One of the goals of a socialistic government is to claim ownership of all land within the country and then dictate to all of the people what land they will be allowed to live on and how to use that land. Our federal government is well on its way to making that happen and are using any means possible, including bogus and illegal confiscations.
In the latest case, the U.S. Fish and Wildlife Service declared 1,544 acres of land in St. Tammany Parish, Louisiana to be critical habitat for the dusky gopher frog. Since the dusky gopher frog is on the Endangered Species Act list, critical habitat designation means that the owners are not allowed to use or alter the land for any purpose what so ever. This makes the land’s value plummet to next to nothing.
It turns out that there are no dusky gopher frogs anywhere on the land nor is it suitable habitat for them to live there. The ESA designation of critical habitat is completely bogus and can only be interpreted one way – that the feds intended to assume ownership of the land for their own purposes.
Markle Interests LLC, is part owner of the land and with the help of the Pacific Legal Foundation, has filed legal notice against the federal government for the immediate release of the land. The notice gives the government 60 days to comply or a lawsuit will be filed against them for the illegal use of an ESA regulation.
Principal attorney with the Pacific Legal Foundation, M. Reed Hopper said:
“This case is about a federal land grab in one parish in Louisiana — but it’s also about property rights from coast to coast. Never before have federal officials attempted to rope off private property as ‘critical habitat’ for a species, where the land is manifestly not suitable for that species.
“The owners are being harmed by this designation because the land’s value is diminished and productive economic uses will be limited or prohibited. The federal government estimated the costs to the landowners may reach $34 million, but the regulators don’t deny the fact that the land isn’t habitat for the frog, as things now stand. In fact, they candidly admit as much. But they say they’re hopeful that someday, the property might be habitable.”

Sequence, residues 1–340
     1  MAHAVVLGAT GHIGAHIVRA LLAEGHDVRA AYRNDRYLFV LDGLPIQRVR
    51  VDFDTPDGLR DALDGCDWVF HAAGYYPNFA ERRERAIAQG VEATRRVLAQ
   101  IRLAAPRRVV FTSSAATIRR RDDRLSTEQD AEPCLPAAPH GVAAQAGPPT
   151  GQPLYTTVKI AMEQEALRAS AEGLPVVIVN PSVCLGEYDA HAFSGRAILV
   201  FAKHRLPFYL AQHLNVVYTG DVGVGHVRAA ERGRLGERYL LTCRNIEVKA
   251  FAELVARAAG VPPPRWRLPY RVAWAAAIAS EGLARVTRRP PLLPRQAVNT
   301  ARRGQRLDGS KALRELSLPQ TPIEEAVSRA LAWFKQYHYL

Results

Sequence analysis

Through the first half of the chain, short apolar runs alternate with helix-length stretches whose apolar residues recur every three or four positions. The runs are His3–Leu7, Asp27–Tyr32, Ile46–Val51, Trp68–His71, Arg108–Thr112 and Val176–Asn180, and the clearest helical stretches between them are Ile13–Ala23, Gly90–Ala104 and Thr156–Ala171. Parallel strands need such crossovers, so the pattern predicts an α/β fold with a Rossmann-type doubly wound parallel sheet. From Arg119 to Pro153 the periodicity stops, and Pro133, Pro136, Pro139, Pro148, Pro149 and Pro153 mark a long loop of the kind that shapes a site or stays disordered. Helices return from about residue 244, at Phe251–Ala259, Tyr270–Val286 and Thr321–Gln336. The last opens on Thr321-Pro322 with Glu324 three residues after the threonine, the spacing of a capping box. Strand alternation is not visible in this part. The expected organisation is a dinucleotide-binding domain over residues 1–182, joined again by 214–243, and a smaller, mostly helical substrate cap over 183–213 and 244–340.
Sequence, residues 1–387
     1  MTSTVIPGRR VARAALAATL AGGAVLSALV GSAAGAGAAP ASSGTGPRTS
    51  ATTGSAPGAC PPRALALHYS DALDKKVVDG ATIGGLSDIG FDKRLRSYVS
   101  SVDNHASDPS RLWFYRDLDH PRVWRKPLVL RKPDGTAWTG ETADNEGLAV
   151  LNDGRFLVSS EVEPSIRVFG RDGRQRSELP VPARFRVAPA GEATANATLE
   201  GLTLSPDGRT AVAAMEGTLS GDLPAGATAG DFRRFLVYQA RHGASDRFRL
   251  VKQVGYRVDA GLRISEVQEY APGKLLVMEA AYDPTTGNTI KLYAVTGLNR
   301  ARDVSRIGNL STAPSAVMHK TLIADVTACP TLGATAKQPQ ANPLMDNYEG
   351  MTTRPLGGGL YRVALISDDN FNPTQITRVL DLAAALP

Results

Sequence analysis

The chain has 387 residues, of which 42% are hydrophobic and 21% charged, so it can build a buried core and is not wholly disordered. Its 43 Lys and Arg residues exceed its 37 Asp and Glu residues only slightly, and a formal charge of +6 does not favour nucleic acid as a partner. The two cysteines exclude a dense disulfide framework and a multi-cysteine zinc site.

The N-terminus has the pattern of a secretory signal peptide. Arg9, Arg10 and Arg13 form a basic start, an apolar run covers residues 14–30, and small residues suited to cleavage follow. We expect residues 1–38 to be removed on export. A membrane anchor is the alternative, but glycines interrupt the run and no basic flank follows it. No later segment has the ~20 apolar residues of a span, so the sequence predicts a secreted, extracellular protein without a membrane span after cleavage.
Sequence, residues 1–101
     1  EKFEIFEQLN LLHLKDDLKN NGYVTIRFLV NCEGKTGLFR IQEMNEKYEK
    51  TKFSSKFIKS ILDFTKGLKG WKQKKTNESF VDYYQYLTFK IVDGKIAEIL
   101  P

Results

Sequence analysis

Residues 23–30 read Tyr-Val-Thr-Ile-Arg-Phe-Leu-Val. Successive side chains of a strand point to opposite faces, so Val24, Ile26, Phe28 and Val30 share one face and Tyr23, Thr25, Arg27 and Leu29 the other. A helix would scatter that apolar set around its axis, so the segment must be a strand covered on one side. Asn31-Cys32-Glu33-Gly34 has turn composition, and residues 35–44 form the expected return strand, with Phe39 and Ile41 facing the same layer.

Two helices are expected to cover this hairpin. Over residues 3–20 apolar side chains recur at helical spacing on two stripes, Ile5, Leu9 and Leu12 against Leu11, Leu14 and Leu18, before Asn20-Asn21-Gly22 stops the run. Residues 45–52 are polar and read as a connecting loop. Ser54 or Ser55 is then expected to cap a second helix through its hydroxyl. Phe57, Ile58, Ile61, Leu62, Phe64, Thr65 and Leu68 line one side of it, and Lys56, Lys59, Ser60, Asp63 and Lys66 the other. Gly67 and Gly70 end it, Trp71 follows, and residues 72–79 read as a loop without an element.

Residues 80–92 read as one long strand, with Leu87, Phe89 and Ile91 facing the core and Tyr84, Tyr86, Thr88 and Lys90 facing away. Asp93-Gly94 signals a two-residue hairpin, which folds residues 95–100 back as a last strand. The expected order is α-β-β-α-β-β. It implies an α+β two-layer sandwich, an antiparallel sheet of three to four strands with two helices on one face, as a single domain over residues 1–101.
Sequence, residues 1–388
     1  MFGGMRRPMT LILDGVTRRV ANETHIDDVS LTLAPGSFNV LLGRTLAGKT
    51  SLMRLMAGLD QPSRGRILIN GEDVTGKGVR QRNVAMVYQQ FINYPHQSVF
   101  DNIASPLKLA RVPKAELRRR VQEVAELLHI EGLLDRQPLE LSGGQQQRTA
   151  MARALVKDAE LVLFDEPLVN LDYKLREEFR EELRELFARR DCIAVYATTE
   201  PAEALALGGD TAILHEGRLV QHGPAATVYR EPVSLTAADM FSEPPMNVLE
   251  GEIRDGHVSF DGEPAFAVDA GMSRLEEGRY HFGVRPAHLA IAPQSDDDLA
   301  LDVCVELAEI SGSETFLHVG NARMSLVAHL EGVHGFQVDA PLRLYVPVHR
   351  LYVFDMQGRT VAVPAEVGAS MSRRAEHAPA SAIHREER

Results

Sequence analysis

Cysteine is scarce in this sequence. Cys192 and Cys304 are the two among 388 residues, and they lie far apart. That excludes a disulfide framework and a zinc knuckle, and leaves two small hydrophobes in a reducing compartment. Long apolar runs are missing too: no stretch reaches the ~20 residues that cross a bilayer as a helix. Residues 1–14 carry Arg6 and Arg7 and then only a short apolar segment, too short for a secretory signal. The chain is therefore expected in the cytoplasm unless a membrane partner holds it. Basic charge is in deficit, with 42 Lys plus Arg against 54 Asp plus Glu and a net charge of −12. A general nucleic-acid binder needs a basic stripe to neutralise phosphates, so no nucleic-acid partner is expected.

“The problem with that kind of dreamy approach to habitat designation, is that if someone’s property can be labeled as habitat for a species, even though it isn’t usable as habitat, there are no limits on the amount or location of private land that can be set aside by federal decree. Regulators could impose restrictions on anyone’s property, anywhere — merely by claiming it could someday, in some speculative way, be used for species recovery.”
“The ESA requires federal regulators to weigh the benefit of designating areas as ‘critical habitat’ against the cost of the designation. Here, the benefit of this area to the frog is zero, but the cost — levied against the private owners — is enormous. In a rational world, this area would never have been identified as habitat, let alone ‘critical habitat.’ As the Supreme Court has stated, the requirement to consider the economic impacts of ‘critical habitat’ is to prevent federal regulators from ‘zealously but unintelligently’ enforcing the law. But that didn’t work in this case.”
Everyone needs to be aware of all of the different methods being used by federal, state and municipal governments to seize the land of private citizens. They are turning to all sorts of tactics to steal our lands for their own purposes and now they are using bogus Endangered Species Act claims to get more land. We need more organizations like the Pacific Legal Foundation to help us fight government theft of private land.